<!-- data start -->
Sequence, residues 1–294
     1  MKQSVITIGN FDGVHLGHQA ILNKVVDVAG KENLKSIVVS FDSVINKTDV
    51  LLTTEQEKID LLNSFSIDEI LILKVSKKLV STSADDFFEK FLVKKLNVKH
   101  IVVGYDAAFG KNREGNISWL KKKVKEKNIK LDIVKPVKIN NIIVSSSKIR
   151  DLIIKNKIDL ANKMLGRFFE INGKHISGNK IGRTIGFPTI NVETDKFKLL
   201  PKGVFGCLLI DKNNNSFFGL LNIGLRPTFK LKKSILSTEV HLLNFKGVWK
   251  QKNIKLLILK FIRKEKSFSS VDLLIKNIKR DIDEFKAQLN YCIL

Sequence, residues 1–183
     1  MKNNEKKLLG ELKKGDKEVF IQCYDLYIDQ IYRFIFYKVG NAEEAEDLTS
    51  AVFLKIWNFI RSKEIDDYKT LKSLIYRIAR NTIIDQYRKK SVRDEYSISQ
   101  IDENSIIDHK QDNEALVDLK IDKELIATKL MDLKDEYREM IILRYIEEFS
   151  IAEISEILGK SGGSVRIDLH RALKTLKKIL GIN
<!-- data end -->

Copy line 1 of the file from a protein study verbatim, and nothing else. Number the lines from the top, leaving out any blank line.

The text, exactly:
Sequence, residues 1–294